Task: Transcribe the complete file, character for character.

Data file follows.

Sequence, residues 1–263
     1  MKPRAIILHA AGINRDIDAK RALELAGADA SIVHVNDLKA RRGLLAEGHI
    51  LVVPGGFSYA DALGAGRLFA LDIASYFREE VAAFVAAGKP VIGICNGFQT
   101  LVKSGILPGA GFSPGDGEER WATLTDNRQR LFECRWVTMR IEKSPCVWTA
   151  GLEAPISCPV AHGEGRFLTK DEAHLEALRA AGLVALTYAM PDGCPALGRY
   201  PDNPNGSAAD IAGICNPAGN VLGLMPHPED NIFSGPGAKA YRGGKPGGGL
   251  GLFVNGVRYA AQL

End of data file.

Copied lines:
Sequence, residues 1–263
     1  MKPRAIILHA AGINRDIDAK RALELAGADA SIVHVNDLKA RRGLLAEGHI
    51  LVVPGGFSYA DALGAGRLFA LDIASYFREE VAAFVAAGKP VIGICNGFQT
   101  LVKSGILPGA GFSPGDGEER WATLTDNRQR LFECRWVTMR IEKSPCVWTA
   151  GLEAPISCPV AHGEGRFLTK DEAHLEALRA AGLVALTYAM PDGCPALGRY
   201  PDNPNGSAAD IAGICNPAGN VLGLMPHPED NIFSGPGAKA YRGGKPGGGL
   251  GLFVNGVRYA AQL